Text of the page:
Blessings are not allowed, wrote the CDF, because what is to be blessed needs to be "objectively and positively ordered to receive and express grace, according to the designs of God inscribed in creation, and fully revealed by Christ the Lord".
"For this reason, it is not licit to impart a blessing on relationships, or partnerships, even stable, that involve sexual activity outside of marriage (i.e., outside the indissoluble union of a man and a woman open in itself to the transmission of life), as is the case of the unions between persons of the same sex," it wrote.
The CDF wrote that such relationships might have positive elements to be valued, but that did not make them "legitimate objects of an ecclesial blessing, since the positive elements exist within the context of a union not ordered to the creator's plan".
The office wrote that while God "never ceases to bless each of His pilgrim children in this world... he does not and cannot bless sin".
The CDF denied that its declaration was "a form of unjust discrimination". Instead, it said it was a "reminder of the truth of the liturgical rite and of the very nature of the sacramentals, as the Church understands them".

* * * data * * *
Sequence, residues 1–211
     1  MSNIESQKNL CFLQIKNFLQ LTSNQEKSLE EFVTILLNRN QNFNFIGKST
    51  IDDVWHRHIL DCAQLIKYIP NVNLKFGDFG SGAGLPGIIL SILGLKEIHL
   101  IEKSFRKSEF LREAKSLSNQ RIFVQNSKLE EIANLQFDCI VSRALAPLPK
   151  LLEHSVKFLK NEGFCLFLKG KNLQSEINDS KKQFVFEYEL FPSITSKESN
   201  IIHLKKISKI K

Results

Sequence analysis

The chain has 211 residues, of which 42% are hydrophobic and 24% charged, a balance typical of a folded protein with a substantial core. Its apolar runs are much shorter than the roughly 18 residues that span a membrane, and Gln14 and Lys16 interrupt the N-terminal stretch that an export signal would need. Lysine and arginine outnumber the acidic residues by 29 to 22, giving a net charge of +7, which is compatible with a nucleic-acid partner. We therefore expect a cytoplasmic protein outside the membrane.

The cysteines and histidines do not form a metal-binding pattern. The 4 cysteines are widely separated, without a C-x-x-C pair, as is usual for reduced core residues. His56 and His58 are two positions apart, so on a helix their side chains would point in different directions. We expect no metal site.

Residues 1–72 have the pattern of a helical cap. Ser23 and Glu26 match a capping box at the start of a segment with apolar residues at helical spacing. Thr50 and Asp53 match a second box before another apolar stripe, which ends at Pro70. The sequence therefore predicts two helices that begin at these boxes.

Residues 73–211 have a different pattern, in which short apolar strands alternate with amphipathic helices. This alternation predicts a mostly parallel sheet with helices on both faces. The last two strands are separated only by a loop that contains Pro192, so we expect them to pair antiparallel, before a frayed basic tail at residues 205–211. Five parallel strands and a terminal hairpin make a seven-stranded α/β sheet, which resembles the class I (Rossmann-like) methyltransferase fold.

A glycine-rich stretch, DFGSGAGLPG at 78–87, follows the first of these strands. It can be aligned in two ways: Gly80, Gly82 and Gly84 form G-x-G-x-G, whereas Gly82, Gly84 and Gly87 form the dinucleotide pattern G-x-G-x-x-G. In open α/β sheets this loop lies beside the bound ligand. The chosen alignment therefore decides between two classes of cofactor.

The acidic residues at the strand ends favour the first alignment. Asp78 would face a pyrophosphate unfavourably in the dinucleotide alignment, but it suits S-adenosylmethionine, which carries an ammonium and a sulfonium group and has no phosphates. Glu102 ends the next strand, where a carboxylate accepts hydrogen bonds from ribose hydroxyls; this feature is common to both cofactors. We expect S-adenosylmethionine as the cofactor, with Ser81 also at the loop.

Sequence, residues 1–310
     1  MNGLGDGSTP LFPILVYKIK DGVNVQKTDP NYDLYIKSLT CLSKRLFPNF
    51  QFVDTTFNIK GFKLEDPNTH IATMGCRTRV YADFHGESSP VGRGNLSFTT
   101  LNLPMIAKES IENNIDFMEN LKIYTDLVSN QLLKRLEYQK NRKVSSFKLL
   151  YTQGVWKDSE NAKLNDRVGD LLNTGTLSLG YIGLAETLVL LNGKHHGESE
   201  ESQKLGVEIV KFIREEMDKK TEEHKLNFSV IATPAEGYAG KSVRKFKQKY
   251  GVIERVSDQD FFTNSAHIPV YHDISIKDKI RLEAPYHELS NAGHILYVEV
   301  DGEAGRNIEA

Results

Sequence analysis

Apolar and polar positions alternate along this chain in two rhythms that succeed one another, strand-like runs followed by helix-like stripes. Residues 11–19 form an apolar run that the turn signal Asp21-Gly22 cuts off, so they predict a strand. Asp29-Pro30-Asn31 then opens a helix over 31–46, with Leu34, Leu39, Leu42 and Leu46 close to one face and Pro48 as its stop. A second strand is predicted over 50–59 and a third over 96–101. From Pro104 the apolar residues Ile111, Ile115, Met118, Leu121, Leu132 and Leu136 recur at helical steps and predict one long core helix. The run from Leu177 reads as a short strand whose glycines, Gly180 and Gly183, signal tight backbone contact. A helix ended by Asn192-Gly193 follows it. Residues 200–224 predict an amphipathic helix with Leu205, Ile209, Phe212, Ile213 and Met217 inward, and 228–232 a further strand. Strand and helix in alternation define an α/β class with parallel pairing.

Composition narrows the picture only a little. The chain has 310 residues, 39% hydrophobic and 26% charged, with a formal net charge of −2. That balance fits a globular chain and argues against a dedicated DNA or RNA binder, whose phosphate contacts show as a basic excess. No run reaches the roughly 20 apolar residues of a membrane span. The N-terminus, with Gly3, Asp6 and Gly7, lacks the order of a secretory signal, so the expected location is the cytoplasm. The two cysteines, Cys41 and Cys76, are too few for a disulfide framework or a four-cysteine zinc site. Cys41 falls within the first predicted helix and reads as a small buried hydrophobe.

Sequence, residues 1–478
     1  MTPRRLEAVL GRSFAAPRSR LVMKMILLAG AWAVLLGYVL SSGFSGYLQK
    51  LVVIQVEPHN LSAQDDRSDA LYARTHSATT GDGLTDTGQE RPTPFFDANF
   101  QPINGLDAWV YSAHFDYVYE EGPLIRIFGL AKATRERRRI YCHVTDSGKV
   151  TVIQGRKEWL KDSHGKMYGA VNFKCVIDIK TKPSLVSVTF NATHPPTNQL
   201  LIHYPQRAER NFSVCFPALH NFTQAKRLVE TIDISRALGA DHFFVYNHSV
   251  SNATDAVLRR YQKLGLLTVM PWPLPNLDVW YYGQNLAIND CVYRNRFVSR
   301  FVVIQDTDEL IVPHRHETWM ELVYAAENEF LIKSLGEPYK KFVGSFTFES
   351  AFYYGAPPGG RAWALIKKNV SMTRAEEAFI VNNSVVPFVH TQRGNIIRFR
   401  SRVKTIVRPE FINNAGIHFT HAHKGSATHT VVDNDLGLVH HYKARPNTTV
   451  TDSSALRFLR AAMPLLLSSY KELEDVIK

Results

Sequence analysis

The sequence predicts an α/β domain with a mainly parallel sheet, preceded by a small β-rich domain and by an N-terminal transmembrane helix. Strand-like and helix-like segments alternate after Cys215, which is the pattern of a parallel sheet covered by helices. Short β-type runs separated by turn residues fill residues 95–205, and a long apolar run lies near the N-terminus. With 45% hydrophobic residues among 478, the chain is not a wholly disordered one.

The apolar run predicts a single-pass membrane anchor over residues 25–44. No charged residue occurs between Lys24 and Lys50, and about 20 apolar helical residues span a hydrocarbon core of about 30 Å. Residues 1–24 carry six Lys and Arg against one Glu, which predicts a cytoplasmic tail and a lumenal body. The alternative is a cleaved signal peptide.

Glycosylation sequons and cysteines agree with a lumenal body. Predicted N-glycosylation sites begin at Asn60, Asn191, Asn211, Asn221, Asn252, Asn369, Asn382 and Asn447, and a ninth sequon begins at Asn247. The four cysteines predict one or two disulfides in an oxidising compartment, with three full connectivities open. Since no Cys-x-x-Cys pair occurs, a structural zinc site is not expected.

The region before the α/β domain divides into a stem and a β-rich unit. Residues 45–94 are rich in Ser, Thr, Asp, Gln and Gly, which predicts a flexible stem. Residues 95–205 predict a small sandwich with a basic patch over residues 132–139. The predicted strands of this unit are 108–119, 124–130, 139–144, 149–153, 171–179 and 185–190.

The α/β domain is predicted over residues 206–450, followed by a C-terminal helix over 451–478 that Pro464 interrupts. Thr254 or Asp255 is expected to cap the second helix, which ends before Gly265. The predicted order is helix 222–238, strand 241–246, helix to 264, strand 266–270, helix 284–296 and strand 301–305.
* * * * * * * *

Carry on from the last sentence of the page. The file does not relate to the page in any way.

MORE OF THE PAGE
The Church considers that marriage is exclusively the union of a man and woman.
Early in his papacy, Pope Francis took an unprecedented welcoming tone towards the LGBT community, making the now-famous "Who am I to judge?" remark about gay people trying to live a Christian life.
In a documentary released last October, Pope Francis expressed support for same-sex civil unions, although the Vatican later qualified that the comments were highly edited and excluded one saying he was opposed to same-sex marriage.